Recent research showed that graphene (reduced graphene oxide, rGO) and graphene oxide (GO) particles larger than 1 micron in size are not cytotoxic or genotoxic to mouse lung cells. The study, performed using Graphenea graphene and involving the company's scientists, tested GO and rGO toxicity epithelial FE1 cells in vitro. GO and rGO have potential uses in biomedical applications, for example in biosensors, as a substrate in mass spectroscopy and for cell growth, and as drug delivery carriers.
Toxicity of nanoparticles (NP) is an important topic, due to the growing prevalence of NPs in research and production. Because of the multitude of compositions, shapes, and sizes of NPs, toxicity is an issue that needs to be addressed to each type of NP separately.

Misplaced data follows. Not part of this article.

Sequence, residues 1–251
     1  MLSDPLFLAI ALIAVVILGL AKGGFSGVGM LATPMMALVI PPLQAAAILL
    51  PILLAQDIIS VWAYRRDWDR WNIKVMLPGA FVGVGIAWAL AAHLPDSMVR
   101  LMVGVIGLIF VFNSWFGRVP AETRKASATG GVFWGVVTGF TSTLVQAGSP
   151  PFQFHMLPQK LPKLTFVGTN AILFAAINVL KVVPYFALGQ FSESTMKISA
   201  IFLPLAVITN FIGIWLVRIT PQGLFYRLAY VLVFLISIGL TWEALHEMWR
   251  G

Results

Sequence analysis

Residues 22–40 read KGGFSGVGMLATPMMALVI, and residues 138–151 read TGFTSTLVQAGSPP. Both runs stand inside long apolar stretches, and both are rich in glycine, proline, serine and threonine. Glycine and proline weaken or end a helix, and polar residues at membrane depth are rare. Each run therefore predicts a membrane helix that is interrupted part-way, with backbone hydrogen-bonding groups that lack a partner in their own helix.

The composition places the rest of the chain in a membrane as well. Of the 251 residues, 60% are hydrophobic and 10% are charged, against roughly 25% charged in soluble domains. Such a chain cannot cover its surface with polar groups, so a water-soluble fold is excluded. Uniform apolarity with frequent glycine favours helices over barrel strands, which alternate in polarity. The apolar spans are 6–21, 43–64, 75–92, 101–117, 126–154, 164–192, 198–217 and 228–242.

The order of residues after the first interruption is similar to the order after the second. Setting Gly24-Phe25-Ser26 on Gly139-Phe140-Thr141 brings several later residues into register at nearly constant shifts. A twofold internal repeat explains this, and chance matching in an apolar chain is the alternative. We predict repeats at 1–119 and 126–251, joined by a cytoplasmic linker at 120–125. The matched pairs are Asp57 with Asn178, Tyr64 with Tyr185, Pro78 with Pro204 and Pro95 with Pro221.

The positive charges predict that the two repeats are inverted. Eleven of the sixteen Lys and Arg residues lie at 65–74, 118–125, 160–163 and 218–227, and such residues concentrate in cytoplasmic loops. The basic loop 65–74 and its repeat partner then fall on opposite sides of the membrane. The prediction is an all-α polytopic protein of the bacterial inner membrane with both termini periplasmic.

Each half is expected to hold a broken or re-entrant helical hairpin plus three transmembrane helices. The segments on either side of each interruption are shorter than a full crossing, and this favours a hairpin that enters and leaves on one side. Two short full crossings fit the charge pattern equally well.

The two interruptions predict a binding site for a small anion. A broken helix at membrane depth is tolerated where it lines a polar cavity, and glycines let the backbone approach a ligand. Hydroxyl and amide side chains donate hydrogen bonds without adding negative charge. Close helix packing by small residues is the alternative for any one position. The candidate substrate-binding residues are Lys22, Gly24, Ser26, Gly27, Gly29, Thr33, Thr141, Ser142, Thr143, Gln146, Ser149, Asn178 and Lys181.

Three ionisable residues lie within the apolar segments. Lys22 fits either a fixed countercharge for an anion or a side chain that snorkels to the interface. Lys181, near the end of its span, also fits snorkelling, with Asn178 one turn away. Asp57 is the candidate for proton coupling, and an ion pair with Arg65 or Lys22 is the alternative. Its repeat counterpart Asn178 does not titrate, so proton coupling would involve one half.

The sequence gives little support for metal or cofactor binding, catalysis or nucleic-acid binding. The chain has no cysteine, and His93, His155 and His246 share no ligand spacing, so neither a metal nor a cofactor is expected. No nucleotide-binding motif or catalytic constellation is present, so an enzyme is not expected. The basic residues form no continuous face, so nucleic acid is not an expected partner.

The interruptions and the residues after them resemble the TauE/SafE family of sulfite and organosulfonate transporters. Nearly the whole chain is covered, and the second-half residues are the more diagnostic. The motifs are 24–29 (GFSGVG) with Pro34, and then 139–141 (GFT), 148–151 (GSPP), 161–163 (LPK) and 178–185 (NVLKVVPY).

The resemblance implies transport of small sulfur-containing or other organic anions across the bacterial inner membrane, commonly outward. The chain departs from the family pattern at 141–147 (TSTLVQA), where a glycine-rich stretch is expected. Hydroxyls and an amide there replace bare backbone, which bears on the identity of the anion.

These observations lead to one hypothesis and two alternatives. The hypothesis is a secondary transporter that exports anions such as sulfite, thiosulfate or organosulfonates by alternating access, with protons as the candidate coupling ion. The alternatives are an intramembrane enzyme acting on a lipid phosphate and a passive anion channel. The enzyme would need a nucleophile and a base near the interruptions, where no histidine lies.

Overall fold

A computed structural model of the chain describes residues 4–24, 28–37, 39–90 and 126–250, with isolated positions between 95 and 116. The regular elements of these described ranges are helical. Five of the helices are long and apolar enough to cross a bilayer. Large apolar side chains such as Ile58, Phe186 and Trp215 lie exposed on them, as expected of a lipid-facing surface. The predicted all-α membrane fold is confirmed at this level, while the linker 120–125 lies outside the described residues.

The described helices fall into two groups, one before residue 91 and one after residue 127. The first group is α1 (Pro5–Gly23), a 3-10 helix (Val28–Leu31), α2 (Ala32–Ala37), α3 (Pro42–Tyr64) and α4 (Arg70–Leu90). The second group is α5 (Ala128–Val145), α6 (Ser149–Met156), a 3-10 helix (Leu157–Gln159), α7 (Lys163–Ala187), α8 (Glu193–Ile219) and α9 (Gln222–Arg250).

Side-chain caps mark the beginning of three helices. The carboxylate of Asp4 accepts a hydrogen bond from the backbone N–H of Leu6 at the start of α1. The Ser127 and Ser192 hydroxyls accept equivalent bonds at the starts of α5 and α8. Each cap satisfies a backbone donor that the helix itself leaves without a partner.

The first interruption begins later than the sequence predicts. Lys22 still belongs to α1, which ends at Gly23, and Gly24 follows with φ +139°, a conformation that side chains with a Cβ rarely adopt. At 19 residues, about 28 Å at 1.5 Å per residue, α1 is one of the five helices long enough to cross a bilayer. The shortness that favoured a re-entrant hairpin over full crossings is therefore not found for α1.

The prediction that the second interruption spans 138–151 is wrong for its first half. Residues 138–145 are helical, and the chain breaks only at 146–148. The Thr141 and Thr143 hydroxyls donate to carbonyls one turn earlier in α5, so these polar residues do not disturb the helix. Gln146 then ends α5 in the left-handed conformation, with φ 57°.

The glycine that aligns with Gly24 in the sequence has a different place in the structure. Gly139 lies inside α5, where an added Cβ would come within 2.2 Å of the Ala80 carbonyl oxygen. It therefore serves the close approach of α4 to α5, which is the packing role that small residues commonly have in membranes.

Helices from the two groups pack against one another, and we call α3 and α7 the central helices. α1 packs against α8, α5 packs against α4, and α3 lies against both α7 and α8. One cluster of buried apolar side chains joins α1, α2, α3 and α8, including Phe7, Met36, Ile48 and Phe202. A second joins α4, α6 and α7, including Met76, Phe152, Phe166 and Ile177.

Figure: Morphology of GO and rGO (Wiley).
The first step in toxicity research always takes place “in vitro”, where cells are exposed to the potentially harmful agent and later analyzed for damage. The latest research, involving eight institutions from Denmark, France, and Spain, concluded that few layered GO and rGO with lateral size above 1 micrometer were not cytotoxic or genotoxic to FE1 mouse epithelial cells at concentrations up to 200 micrograms/ml. Mouse lung cells are commonly used in the first steps of toxicity studies. Although our study shows that no DNA strand breaks occur in cells due to exposure to GO and rGO particles of this size, earlier studies reveal that smaller particles, i.e. GO nanoparticles with sizes smaller than 500 nm, do cause DNA strand breaks. Carbon black has also been shown to be toxic and possibly carcinogenic to humans.
The research was published in the journal Environmental and Molecular Mutagenesis.